Above our door-way was some pretty funky Bolivian style art!
There was some sort of festival going on when we first arrived... we never really found out what it was for certain, but were told it had something to do with good luck and hopes of fortune. So, people had their cars decorated with flowers and there were little booths set up in the streets all selling the same cheap champagne, flowers, ribbons, etc.
Lydia and Licky enjoying the sunset from their private balcony.
The next morning, we headed off to hike the Isla del Sol (Island of the Sun), a 12 km long island in the middle of Lake Titicaca. The Incas believed that this island is where their Sun God was born, hence the name. We took a very slow 2 hour boat ride across the giant blue lake to get to the south side of the island.
We had been advised by a local to hike from the south side of the island to the north, since there are beaches on the north side. They neglected to tell us, however, that the north side of the island has terribly slim picking of hostels.... and the south side is full of beautiful hostels and hotels with gorgeous panoramic views! So, if you go, make sure to take our advice and go from north to south... We ended up walking the 12km across and 12km back just to stay on the south side, pictured below.
It was gruelling work getting up the hill to this point, but sooo very worth it! Lake Titicaca sits at 3,800m above sea level (12,500ft), and Isla Del Sol is a few hundred metres higher! We had panoramic views of the whole lake and the Peru and Bolivian sides of it. So did these two cute little donkies :)
On our walk heading north, we came across this B&B with its gorgeous gardens and views... which we would later return to just as dark set in that night!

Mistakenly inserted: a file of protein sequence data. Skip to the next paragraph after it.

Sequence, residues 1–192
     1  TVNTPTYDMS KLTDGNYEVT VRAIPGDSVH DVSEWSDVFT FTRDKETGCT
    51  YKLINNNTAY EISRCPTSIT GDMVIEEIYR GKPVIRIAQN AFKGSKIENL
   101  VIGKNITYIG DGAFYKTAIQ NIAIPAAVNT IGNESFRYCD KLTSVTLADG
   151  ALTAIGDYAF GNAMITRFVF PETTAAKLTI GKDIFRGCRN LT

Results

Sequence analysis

We met a lot of farmers leading their livestock around the hills on the island, as that is one of the main industries of the Titicacan (?) people, next to fishing and tourism. We had to be quick and sly with the photos, as most locals who catch you snapping a picture will say "dame moneda!", which exactly translates to "give me money".
Every corner of our walk had views even more gorgeous than the last - we can't stress enough just how beautiful and magical the lake is!!
We met up with an Aussie traveller who wanted a little company, as his wife opted to stay in a hotel sipping cocktails on the south side of the island!
Tyrone admiring the views.
After a few hours, we made it to the north side of the island and the Chicana ruins (birthplace of the Incan Sun God). There was even an ancient picnic table set up for us ;)
The view from what I have deduced to be the Sun God's bedroom.
We snapped a photo of another sheep herder whilst she wasn't looking! (Don't worry, it isn't believed that cameras steal souls or anything like that in most places in South America... It's just that we didn't have any change on us!)
We came across the friendliest little piggie on the north side of the island - the hostels may have been terrible, but Mr. or Ms. Piggle and the ruins made the extra hike worth the effort!
Tyrone also spotted a strange bird up in a tree.
The views got even better when the clouds cleared to reveal some very high, snow-capped mountains on the Bolivian side of the lake.
So, after our 24km walk, we just barely beat the rain as we finally returned to the gorgeous B&B I mentioned earlier. After hot showers and gulping down a litre of water each (we ran out of water at km 14 or so), we were seated for dinner by this cuddly little spider...
As soon as dinner was served, we had a nice lightning storm outside as part of the evening's entertainment! Tyrone proved me wrong when I said he couldn't catch a flash on film :)
The next morning, we woke up bright and early to sunshine and made our way back to Copa Cabana.